Lack of clarity in Budget over funding to help regulate the umbrella sector concerns experts
Analysis of the Budget documentation, published after chancellor Rishi Sunak addressed the House of Commons, showed that the government is looking to clamp down on tax avoidance schemes.
It stated: “The government will legislate in the Finance Bill 2021-22 for further measures to clamp down on promoters of tax avoidance.”
The Budget document outlines four ways the Treasury is seeking to do this, one of which includes closing down companies and partnerships that promote such schemes.
Other options are allowing HMRC to freeze a “promoter’s assets” to ensure any penalties they are liable for are paid, deterring offshore promoters by introducing a penalty on UK entities that support them, and by sharing more information on promoters and their schemes with taxpayers to help them steer clear.
Autumn Budget and Spending Review ‘does not go far enough’
While the move to tackle non-compliant companies in the umbrella sector has been welcomed by many, some experts are saying the Autumn Budget and Spending Review does not go far enough.
Rebecca Seeley-Harris, chair of employment status forum and former adviser to the Treasury, and James Poyser, CEO of inniAccounts, highlighted that there is no mention of any funding to help regulate this sector.
During the spending review submission process, the pair recommended funding for a Single Enforcement Body (SEB).
As part of their discussions with the Department of Business, Energy and Industrial Strategy (BEIS), this body would regulate umbrella companies. But in order for it to be set up, it needs government funding.
Without funding, sector will remain unregulated
Harris and Poyser also noted that there was no mention of whether existing bodies such as the Employment Standards Authority would get additional funding in lieu – another recommendation they made.
Harris said: “I am hugely disappointed if the government has not seen fit to give funding to this much need enforcement body. Without this funding umbrella company workers will continue without any official protection in an unregulated market.”
She added that there is hope as the new inquiry into off-payroll rules in the private sector, led by the House of Lords Finance Bill Sub-Committee, assumes that SEB will get funding, but without formal confirmation, it’s impossible to plan for the policy going ahead.
Clarke Bowles, director of strategic sales at Parasol Group, echoed Harris and Seeley’s concerns saying “once again contractors have slipped through the cracks.”
He said: “Although it was not unexpected, it was a disappointment for the UK contractor community that little was announced by way of support in last week’s Autumn Budget announcement.
Government urged to take ‘reformative action’
“[…] One announcement that went slightly under the radar from the government actually came earlier this month with a 1,300-word document titled, Check how to reduce your risk of using an umbrella company who operates a tax avoidance scheme.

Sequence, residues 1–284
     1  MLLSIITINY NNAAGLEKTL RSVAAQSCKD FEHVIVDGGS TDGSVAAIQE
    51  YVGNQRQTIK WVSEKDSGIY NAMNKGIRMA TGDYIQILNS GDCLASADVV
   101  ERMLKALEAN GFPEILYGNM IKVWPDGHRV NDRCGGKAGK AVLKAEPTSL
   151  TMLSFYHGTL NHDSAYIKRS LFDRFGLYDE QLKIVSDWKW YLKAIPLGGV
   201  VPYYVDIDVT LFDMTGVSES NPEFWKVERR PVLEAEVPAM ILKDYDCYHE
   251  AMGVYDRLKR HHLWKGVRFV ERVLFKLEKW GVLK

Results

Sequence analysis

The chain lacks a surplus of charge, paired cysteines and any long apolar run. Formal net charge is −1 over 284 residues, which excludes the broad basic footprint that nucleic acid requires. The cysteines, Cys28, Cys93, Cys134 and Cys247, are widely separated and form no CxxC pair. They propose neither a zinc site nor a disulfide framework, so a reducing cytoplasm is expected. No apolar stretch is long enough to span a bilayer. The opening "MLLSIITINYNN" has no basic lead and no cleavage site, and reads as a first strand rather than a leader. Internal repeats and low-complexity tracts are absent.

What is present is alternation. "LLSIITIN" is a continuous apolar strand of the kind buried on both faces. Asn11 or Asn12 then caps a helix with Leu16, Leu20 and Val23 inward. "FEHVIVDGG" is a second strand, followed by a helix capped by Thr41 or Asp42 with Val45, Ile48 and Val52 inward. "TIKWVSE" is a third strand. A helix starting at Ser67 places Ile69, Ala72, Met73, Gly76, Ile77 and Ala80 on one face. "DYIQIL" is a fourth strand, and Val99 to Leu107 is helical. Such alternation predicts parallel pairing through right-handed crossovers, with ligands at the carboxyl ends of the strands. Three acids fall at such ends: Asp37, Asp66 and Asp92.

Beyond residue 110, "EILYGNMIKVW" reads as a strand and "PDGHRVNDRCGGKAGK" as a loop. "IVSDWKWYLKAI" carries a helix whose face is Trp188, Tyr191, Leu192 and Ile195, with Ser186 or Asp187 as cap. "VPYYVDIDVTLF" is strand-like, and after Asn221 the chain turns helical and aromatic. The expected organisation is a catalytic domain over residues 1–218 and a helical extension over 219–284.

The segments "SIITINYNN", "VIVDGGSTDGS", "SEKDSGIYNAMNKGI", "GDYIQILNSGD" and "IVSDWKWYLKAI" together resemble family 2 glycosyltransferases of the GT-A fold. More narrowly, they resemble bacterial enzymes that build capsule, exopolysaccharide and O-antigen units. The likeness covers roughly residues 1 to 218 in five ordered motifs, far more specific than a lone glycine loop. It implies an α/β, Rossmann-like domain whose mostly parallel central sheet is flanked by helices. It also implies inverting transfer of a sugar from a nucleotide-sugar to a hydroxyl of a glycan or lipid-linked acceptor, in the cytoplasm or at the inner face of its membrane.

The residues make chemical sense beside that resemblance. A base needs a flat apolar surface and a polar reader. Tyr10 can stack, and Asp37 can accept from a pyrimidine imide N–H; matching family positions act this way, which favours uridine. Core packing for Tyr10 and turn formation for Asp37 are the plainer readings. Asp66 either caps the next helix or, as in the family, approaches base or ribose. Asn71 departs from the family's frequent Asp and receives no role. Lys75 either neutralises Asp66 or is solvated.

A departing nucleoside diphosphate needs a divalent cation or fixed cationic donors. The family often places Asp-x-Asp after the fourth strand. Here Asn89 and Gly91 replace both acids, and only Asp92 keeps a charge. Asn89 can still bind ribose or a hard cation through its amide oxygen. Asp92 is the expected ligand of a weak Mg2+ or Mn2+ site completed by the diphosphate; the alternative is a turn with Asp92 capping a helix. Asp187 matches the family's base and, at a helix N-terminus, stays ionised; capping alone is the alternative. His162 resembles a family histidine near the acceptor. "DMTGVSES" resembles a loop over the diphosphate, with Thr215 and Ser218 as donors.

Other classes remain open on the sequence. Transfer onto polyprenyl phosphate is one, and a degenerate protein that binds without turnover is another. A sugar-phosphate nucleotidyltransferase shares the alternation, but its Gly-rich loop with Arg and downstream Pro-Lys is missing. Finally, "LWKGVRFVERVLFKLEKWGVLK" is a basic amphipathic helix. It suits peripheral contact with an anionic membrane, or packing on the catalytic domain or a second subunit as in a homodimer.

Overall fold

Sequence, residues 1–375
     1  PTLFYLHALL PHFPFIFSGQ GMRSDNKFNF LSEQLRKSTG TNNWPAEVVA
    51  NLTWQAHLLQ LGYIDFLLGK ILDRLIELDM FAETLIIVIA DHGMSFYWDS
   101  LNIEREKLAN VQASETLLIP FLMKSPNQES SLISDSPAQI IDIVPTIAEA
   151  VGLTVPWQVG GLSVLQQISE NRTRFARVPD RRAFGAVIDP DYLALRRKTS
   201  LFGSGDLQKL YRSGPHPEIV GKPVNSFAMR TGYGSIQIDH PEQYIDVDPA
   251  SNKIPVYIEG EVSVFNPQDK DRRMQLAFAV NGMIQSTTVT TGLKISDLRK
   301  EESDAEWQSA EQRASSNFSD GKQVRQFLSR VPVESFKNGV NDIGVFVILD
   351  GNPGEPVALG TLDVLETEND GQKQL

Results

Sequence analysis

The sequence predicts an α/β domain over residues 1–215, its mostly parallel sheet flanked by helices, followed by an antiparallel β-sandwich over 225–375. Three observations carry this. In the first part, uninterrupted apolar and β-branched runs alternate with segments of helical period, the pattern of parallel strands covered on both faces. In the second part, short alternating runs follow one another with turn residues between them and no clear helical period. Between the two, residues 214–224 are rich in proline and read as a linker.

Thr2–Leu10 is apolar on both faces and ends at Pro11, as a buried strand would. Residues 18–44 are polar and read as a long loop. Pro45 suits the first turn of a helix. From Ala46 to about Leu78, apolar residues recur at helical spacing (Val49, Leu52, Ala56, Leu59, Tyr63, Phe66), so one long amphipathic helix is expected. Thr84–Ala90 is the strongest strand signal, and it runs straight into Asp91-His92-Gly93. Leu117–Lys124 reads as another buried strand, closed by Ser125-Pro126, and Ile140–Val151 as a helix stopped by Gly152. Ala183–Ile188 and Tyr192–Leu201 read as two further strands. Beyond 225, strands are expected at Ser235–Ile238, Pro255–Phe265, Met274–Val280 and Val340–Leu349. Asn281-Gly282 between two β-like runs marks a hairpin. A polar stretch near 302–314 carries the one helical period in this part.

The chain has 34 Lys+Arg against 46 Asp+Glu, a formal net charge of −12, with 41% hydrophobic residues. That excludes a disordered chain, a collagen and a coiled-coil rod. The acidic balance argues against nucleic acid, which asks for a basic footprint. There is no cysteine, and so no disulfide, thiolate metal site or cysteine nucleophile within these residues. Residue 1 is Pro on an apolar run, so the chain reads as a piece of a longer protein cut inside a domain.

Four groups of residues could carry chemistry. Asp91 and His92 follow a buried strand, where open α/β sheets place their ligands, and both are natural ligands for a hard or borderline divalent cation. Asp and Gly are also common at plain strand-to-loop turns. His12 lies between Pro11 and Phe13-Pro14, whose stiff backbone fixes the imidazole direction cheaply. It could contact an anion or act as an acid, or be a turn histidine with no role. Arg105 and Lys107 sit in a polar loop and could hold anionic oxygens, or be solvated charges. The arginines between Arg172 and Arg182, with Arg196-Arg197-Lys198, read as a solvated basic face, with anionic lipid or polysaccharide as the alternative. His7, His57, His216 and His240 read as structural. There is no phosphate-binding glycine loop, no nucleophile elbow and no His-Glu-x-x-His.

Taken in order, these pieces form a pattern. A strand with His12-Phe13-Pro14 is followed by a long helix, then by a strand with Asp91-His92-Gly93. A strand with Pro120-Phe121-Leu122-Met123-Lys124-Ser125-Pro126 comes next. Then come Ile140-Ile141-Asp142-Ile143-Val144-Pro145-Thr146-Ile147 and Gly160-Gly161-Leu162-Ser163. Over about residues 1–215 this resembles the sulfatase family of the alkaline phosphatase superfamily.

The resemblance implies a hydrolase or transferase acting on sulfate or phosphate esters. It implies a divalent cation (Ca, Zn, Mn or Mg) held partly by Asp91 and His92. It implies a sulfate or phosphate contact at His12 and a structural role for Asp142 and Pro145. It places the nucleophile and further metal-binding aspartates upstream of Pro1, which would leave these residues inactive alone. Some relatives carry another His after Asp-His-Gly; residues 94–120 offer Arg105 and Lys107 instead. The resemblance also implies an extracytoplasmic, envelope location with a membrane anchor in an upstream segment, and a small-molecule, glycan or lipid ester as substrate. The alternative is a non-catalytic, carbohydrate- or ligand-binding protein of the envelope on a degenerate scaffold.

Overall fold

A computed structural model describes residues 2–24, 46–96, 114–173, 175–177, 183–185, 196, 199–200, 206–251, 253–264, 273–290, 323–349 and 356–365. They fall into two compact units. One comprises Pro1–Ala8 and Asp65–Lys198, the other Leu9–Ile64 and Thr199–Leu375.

“This, combined with a vague promise from the chancellor that the government would be clamping down on tax avoidance, does little to reassure contractors that they will receive ample protection and support.”
Bowles added: “Despite a number of positive moves to improve regulation, it remains crucial for the government to step in and take reformative action.
“With many of the self-employed opting to go umbrella thanks to the increased level of protection it offers them – particularly in light of the difficulties caused by the Covid-19 pandemic – it’s vital that these people know they are working for compliant, trusted companies who will not take advantage of their position.”
More lies (let’s call it what it is). Government and HMRC have had enough powers to clamp down on dodgy promoters for decades. They simply choose not to.
Instead they take “donations” from promoters and lobby groups in return for diverting revenue attention to powerless end users.
If this were the drugs trade it would be equivalent to kingpins throwing the law some expendable users and a case full of cash every so often.
I take some (probably undeserved) comfort from:
“clamp down on promoters of tax avoidance”
Specifically this is not the contractors who listen to their advice and potentially end up with a massive bill years later.
This sounds as if it is aimed by those who advertise an increased payout, cream off a percentage and then leave someone else with the risk. Here’s hoping.
The maxim about “if it looks too good to be true it probably is too good to be true” should still be part of everyone’s thought patterns.
I disagree, ‘if it looks too good to be true it probably is’, a meaningless behavioural insights phrase like ‘our view of the law’.
It can be made to mean anything and nothing. Ask yourself how it would help you decide your IR35 status or anything else tax related.
The sector needs hard rules not proverbs.
It’s just not true, HMRC have not, and are not clamping down on promoters.
Promoters that belong and donate to the Conservative party.
Where there’s corruption there’s always a victim, again it’s the small contractor.